Two Big Myths about Grief

People are not always devastated by a death and should be allowed to recover in their own ways

Yet grief work may be unnecessary for the large proportion of people who do not become significantly distraught after a loss. And when researchers have tested the common grief-work techniques of writing or talking about the death, some have found small benefits for the procedures, but most have not. In addition, the jury is still out on grief counseling, in which professionals or peers try to facilitate the working-through process. Results from two quantitative reviews of the efficacy of such therapy found no significant gains from it, and a third found just a modest positive effect. One caveat: the benefits might be slightly greater than these studies indicate because most of the subjects were recruited by the researchers, and these individuals may be less in need of counseling than those who seek help.

Finally, two teams of researchers followed bereaved persons, including spouses, adult children and parents, for up to five years after their loss and found little or no evidence of a delayed grief reaction. When such reactions have been found, they occur only in a very small percentage of the bereaved. Thus, the overall risk of reexperiencing a flood of negative emotions appears to be quite minimal.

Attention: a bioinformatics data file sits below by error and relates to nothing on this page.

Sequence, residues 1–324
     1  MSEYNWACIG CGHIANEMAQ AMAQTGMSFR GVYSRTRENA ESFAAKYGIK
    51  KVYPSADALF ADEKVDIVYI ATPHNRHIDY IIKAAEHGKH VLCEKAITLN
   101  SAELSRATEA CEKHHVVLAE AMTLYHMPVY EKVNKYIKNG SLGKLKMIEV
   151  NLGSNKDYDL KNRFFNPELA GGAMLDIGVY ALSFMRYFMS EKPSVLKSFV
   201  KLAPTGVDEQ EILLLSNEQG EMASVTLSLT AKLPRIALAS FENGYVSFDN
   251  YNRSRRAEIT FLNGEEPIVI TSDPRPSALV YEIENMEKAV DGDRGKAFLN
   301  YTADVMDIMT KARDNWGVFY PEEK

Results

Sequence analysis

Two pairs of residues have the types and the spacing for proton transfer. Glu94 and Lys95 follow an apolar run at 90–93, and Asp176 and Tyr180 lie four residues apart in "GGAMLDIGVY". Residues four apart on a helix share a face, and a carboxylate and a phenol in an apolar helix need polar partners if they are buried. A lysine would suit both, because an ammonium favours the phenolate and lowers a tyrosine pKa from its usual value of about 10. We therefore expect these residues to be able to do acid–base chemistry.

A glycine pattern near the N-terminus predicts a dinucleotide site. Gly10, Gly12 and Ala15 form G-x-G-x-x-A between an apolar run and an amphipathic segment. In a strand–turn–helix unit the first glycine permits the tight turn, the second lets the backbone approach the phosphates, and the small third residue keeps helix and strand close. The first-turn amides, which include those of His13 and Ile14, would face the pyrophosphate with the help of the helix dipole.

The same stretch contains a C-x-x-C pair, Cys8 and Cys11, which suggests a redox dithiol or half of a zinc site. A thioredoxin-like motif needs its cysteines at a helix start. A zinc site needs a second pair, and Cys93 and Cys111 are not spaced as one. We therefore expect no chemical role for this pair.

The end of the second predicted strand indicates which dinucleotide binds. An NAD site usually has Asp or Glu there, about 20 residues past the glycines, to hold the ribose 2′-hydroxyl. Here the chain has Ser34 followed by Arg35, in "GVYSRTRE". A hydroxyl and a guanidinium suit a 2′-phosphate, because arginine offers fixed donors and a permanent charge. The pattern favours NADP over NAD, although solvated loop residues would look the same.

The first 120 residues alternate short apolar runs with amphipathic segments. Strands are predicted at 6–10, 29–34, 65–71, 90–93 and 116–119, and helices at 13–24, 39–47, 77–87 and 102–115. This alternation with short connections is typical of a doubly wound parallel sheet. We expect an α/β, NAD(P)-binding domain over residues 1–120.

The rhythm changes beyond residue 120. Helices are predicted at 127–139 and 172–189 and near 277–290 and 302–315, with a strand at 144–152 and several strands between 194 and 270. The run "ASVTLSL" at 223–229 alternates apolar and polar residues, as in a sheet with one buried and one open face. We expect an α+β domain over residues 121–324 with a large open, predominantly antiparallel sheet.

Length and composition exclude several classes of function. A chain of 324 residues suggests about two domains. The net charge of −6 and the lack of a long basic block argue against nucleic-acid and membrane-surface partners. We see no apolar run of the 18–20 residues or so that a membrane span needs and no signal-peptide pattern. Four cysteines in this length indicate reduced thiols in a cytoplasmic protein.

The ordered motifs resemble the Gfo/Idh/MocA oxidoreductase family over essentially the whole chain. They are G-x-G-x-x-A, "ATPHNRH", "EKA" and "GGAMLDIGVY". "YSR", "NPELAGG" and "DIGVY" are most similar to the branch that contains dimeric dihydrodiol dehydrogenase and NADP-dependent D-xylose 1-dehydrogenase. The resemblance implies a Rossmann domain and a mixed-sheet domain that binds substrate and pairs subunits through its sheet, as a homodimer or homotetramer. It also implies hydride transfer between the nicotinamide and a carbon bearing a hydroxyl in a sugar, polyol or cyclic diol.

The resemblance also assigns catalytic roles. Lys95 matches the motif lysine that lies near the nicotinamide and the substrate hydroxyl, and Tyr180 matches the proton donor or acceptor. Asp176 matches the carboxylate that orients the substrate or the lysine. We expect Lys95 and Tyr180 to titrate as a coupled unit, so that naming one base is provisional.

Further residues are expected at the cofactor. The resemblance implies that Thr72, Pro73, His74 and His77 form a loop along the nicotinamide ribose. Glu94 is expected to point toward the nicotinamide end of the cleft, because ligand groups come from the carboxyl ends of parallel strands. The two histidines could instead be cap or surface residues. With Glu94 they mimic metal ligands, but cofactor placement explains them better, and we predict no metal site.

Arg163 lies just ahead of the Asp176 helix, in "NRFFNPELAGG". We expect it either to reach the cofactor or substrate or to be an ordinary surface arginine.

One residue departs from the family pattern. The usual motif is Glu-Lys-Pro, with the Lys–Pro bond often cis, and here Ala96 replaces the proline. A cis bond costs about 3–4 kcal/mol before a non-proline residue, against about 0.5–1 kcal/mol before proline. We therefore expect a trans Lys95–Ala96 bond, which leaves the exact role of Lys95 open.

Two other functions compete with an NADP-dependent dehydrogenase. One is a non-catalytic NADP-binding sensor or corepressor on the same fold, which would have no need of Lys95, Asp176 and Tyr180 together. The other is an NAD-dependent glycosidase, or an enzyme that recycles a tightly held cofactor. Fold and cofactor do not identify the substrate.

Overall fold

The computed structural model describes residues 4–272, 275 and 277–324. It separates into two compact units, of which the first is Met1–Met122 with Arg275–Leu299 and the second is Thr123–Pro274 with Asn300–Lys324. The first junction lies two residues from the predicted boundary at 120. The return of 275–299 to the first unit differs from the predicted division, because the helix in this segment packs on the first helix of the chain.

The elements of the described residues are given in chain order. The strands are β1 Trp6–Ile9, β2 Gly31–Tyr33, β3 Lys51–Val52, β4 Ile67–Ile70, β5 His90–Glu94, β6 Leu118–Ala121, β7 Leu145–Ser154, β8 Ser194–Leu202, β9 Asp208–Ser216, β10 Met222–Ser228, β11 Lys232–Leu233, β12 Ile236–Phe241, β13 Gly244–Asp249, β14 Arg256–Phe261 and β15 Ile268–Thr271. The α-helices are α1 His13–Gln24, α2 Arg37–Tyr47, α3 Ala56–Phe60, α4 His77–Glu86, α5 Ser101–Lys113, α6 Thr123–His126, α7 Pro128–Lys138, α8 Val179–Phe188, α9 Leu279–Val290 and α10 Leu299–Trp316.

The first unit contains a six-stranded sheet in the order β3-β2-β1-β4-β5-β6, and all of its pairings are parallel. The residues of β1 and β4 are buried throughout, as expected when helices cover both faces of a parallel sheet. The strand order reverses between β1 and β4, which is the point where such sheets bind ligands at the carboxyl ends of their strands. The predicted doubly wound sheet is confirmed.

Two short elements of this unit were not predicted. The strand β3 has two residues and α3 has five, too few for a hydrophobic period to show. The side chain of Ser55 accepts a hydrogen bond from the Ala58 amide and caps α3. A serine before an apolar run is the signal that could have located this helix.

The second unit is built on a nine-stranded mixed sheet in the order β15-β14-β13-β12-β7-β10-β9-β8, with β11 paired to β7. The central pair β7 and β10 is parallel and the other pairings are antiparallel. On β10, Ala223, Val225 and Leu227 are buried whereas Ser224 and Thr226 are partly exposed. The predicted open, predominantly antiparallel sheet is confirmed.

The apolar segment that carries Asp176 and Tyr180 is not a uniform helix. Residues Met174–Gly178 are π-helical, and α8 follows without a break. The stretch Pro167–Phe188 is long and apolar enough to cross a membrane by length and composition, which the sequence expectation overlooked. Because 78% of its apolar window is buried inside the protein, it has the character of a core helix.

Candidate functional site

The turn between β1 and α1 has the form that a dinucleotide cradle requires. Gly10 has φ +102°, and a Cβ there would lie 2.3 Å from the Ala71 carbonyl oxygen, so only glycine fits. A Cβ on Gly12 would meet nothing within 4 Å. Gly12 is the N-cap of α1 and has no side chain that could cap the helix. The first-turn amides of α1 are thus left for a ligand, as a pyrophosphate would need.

Given that most people who have experienced the death of a loved one show few signs of distress or depression, many bereaved individuals may need no particular advice or help. The few who experience intense and lasting despair may benefit from interventions, although traditional grief counseling may not be the best choice. Instead people might consider seeking empirically supported psychotherapies for depression [see “The Best Medicine?” by Hal Arkowitz and Scott O. Lilienfeld; Scientific American Mind, October/November 2007].

That said, our conclusions are based largely on studies of Caucasian American widows and widowers. We cannot say for sure that they extend to people of all ages, ethnicities and genders. In addition, reactions to a loss may depend on a person’s relationship to the deceased—be it a parent, sibling or child—as well as whether the death was sudden, violent or drawn out. The consequences of these varying perspectives and circumstances have yet to be carefully explored.

Nevertheless, we can confidently say that just as people live their lives in vastly different ways, they cope with the death of others in disparate ways, too. Despite what some pop-psychology gurus tell us, grief is not a one-size-fits-all experience


(Further Reading)
  • Beyond the Myths of Coping with Loss: Prevailing Assumptions versus Scientific Evidence. Camille B. Wortman and Kathrin Boerner in Foundations of Health Psychology. Edited by Howard S. Friedman and Roxane Cohen Silver. Oxford University Press, 2007.
  • The Other Side of Sadness: What the New Science of Bereavement Tells Us about Life after Loss. George A. Bonanno. Basic Books, 2009.

This article was originally published with the title "Facts & Fictions in Mental Health: Grief without Tears."

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